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All About Astronomy
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Ultraviolet rays are a type of electromagnetic radiation with very short wavelengths (below those of the color blue). Ultraviolet rays are invisible to us. The ozone layer traps much of the Sun's ultraviolet energy coming through Earth's atmosphere.
An ultraviolet telescope recieves UV rays (a type of electromagnetic radiation with very short wavelengths) from space. Since the ozone layer traps much of the Sun's ultraviolet energy coming through Earth's atmosphere, orbiting UV telescopes like the Hopkins Ultraviolet Telescope (HUT) are now used.
The Ulysses spacecraft, a joint mission of the European Space Agency (ESA) and the National Aeronautics and Space Administration (NASA), was launched from the space shuttle on October, 1990 to explore the Sun. It will study the sun's magnetism, solar wind plasma, solar prominences, gamma ray emissions, coronal mass ejections, and other solar phenomena.
The umbra is the inner, dark, cool (3700 K = 6600 °F = 3400 °C) region of a sunspot. The umbra of a sunspot can be up to 12,000 miles (20,000 km) wide. In the umbra, the Sun's magnetic field is very strong. (Compare to penumbra)
The umbra is the area of total shadow (compare to penumbra).
Umbriel is one of the larger of the 18 moons of Uranus, and the darkest. It has a heavily-cratered surface, indicating an old surface. It has a bright ring at its top (probably a crater floor) called a fluorescent cheerio. Umbriel was discovered by Wm. Lassell in 1851. Umbriel has a diameter of 1,170 km and orbits, on average, 265,970 km from Uranus. It has a mass of 1.27x10+21
Undae are dunes. There are undae on Mars.
The universe is everything, all matter and energy that is in existence.
UNIVERSAL GRAVITATIONAL CONSTANT
The universal gravitational constant (abbreviated G) is the constant of proportionality in Newton's equation (formulated in 1666) that describes the gravitational attraction between objects; their gravitational attraction (F) depends only on their masses and the distance between them, according to the formula
Universal time (abbreviated UT) is the same as Greenwich Mean Time (abbreviated GMT); it is the time zone of Greenwich, England (longitude zero).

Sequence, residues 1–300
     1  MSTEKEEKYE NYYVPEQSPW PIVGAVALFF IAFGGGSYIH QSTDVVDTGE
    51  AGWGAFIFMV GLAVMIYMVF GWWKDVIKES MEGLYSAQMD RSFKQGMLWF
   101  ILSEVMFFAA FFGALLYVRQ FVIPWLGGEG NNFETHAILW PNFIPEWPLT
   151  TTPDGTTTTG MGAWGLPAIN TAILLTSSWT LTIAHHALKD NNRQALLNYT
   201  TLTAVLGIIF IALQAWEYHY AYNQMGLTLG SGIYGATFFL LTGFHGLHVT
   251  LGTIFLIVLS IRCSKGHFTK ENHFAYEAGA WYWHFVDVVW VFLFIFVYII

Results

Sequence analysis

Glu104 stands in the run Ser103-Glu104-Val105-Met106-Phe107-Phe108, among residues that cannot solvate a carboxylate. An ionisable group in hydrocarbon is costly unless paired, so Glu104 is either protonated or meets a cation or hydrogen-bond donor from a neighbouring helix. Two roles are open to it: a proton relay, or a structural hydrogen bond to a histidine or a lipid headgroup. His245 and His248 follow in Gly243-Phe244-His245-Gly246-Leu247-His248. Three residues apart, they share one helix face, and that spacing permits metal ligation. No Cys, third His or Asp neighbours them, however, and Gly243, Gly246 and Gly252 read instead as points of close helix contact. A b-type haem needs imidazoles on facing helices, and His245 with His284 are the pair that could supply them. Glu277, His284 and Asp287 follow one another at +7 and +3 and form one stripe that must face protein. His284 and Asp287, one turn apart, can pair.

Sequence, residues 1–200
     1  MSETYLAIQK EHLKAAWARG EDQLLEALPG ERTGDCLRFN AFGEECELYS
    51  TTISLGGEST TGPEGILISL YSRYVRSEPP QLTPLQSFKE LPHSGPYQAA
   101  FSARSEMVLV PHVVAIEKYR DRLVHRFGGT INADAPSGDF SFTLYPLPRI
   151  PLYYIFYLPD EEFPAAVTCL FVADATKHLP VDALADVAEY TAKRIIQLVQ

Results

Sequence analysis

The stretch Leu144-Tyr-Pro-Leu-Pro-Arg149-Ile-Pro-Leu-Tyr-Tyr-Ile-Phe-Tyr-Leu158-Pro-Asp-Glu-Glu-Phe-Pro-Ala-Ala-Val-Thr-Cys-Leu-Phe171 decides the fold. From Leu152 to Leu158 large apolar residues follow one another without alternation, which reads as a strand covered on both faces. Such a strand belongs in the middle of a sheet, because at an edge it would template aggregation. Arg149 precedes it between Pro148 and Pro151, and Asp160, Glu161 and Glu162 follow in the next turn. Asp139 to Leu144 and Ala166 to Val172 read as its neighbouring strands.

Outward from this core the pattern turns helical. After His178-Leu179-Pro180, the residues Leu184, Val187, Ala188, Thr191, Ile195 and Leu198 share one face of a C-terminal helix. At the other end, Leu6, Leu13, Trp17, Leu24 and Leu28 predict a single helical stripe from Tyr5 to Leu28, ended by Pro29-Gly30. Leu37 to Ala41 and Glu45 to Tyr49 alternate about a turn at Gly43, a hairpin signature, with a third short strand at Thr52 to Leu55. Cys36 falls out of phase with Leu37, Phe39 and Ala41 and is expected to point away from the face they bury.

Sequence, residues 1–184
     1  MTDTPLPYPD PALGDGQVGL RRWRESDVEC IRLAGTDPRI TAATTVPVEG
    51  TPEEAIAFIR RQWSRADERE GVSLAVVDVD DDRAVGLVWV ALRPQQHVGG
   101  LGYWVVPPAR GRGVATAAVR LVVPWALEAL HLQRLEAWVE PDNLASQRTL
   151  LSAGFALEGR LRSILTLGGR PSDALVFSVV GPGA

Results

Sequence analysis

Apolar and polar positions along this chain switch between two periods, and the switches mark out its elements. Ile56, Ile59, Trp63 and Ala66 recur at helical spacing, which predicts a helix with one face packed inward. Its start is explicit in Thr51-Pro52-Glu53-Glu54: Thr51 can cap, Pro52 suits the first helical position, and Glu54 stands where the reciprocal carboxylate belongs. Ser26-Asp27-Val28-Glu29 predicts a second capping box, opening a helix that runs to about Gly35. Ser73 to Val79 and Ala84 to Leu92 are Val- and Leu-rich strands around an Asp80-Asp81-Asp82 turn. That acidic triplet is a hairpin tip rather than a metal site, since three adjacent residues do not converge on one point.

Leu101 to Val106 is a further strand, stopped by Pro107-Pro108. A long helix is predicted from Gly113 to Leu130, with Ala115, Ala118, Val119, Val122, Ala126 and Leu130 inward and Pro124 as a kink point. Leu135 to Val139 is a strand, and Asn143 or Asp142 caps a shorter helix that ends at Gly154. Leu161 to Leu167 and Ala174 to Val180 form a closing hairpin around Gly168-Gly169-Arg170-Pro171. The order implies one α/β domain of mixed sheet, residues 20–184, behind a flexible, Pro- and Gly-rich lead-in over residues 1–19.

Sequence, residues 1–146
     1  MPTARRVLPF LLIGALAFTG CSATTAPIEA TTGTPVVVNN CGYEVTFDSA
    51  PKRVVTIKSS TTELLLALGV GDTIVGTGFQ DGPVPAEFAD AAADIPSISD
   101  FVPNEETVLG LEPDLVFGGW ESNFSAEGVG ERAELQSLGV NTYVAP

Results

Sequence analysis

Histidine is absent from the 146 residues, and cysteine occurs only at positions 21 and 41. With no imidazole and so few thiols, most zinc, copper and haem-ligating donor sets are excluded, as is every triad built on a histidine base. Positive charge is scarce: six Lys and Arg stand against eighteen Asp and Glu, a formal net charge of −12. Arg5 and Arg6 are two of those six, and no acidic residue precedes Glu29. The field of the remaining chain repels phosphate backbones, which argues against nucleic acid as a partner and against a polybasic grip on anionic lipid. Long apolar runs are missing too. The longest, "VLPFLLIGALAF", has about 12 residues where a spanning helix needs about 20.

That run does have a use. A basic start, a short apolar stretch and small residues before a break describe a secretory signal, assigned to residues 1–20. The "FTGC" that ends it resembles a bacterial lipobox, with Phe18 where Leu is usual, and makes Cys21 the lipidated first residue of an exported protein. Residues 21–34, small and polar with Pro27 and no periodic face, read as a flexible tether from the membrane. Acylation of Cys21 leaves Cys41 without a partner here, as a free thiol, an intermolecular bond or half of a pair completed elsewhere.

Upsilon Andromedae is a star in the constellation Andromeda. Astronomers Geoffrey W. Marcy and R. Paul Butler discovered a massive planet orbiting this star (with each orbit taking only 4.6 days.) in 1996. Recently, 2 even more massive planets have been discovered orbiting this star. The three planets orbit within 2.5 Astronomical Units of the star.
Urania was the Greek muse of astronomy.
Uranometria was a detailed star chart/catalog made by Johannes Bayer in 1603. It contained 51 star charts (one for each of the 48 Ptolemaic constellations, a chart of the newly-discovered southern skies, and two planispheres), using his new method of classifying stars. The current edition of Uranometria plots every star in the sky down to magnitude 9.5 (each star is given a Uranometria Chart Number).
Uranus is the seventh planet from the sun. This huge, icy planet is covered with clouds and is encircled by a belt of 11 rings and 18 moons. This gas giant is the third-largest planet in our Solar System (after Jupiter and Saturn), and is about 4 times the diameter of Earth and 14 times as massive.
Ursa Major (The Great Bear) is a well-known constellation in the Northern Hemisphere that contains the 7 stars of the Big Dipper. The two brightest stars in Ursa Major (Dubhe and Merak) "point" to the current North Star, Polaris.
Ursa minor (The Little Bear) is a Northern Hemisphere constellation that is also known as the Little Dipper. This group of stars starts at Polaris, the pole star of the Northern Hemisphere
URSID METEOR SHOWER
The Ursids are a meteor shower that occur each year from Dec. 17-25, with a maximum on Dec. 22. This meteor shower occurs each year as the Earth passes through the orbit of comet Tuttle 1790, and icy remnants of the comet burn up as they enter the Earth's atmosphere. The meteors in this shower seem to emanate from the constellation Ursa Minor, (but they do not).
UV stands for ultraviolet radiation.
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